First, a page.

MPR Fall 2017
Margaret Chase Smith Essay
Citizen Science and Maine’s Fishermen: An Enlightened Approach to the Search for Ecological Solutions
Ted Ames shares his view on the efforts of Maine’s commercial fishermen to engage in citizen science initiatives.
From Executive Editor Linda Silka
- Introduction to the Issue
- Cutting-Edge Citizen Science in the Desert and at a Museum
Linda Silka examines the University of Arizona’s Project Harvest and the Denver Museum of Nature & Science’s Genetics of Taste Lab.
- Citizen Science Book Resources
Reviews of The Rightful Place of Science: Citizen Science; Citizen Science for All: A Guide for Citizen Science Practitioners; Citizen Science: How Ordinary People Are Changing the Face of Discovery; Citizen Scientist: Searching for Heroes and Hope in an Age of Extinction; Lewis & Clark: Pioneering Naturalists; and Braiding Sweetgrass.
A View from the Edge:A Teacher’s Perspective on Citizen Science
Old Town High School teacher Ed Lindsey examines the benefits of engaging high school students in citizen science, based on his experience collecting stream organisms and analyzing the level of mercury in their bodies.
Citizen Science in a Maine Middle School Classroom
Rhonda Tate describes her experiences designing a middle school science curriculum that focuses on citizen science activities in her classroom in Dedham, Maine.
Citizen Science and Traditional Ecological Knowledge—Values of Inclusion in the Wabanaki Youth Science Program
tish carr and Darren Ranco describe the Wabanaki Youth Science Program (WaYS) and how it strives to incorporate traditional ecological knowledge with Western science.
The Power of Place in Citizen Science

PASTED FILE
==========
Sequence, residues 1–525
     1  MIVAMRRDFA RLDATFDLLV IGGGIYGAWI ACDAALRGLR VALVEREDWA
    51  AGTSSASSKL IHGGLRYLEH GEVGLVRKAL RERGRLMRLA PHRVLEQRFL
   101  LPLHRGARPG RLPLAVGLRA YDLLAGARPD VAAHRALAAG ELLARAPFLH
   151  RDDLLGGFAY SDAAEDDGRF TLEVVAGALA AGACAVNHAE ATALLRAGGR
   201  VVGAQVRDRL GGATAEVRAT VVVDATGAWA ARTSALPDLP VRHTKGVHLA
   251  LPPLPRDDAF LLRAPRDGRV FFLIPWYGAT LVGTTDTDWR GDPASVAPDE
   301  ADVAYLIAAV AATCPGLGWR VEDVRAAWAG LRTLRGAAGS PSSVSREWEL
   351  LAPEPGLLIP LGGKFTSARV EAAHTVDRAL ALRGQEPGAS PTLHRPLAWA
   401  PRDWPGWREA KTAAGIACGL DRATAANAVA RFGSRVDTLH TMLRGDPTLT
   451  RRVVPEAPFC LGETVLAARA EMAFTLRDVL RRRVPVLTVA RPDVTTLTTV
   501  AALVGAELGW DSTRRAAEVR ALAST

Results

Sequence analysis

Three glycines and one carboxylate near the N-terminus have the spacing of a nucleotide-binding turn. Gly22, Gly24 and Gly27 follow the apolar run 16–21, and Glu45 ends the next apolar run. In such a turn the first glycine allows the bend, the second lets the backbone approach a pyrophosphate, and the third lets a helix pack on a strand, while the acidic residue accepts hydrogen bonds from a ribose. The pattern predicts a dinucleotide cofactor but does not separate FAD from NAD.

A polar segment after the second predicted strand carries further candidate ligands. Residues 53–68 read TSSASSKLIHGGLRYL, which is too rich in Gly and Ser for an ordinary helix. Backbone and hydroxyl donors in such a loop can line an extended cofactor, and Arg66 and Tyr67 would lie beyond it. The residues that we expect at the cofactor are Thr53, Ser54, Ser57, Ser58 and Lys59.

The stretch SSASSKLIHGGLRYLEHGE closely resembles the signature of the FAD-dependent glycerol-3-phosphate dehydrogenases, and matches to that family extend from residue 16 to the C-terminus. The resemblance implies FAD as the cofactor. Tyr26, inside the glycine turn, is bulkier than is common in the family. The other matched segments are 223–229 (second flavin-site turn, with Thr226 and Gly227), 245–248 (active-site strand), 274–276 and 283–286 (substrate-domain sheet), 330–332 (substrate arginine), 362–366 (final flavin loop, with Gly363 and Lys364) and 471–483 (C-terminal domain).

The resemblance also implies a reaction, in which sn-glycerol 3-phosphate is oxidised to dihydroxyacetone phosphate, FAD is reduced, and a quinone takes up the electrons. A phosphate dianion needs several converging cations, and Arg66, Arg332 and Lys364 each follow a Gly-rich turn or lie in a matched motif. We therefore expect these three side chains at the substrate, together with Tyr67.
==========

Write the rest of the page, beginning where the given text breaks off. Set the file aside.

Bridie McGreavy and her coauthors address the question, What are the links between motivations for citizen science, connections to place, and conservation decision outcomes?
The Complexities of Counting Fish: Engaging Citizen Scientists in Fish Monitoring
by Karen H. Bieluch, Theodore V. Willis, Jason Smith, and Karen A. Wilson
Data gathered by citizen scientists can help ecologists understand long-term trends and can improve the quality and quantity of data about a resource. In Maine and Massachusetts, numerous citizen science programs collect data on river herring, anadromous fish that migrate each spring from the ocean to spawn in rivers and lakes. In collaboration with state and local resource managers and academic institutions, these programs aim to protect and restore river herring, improve local watersheds, and in some cases, support commercial harvesting. To better understand how programs are run and how data are used by managers, we interviewed program coordinators and resource managers. Interviews revealed that resource managers consider citizen science–generated river herring data in decision making, but that their concerns about data quality affect if and how data are used. Although not without challenges, standardizing monitoring approaches could improve data collection and use. We offer six considerations related to standardization for managers.
Signs of the Seasons: A New England Phenology Program
by Esperanza Stancioff, Beth Bisson, Sara Randall, Jessica Muhlin, Caitlin McDonough, and Susan Gallo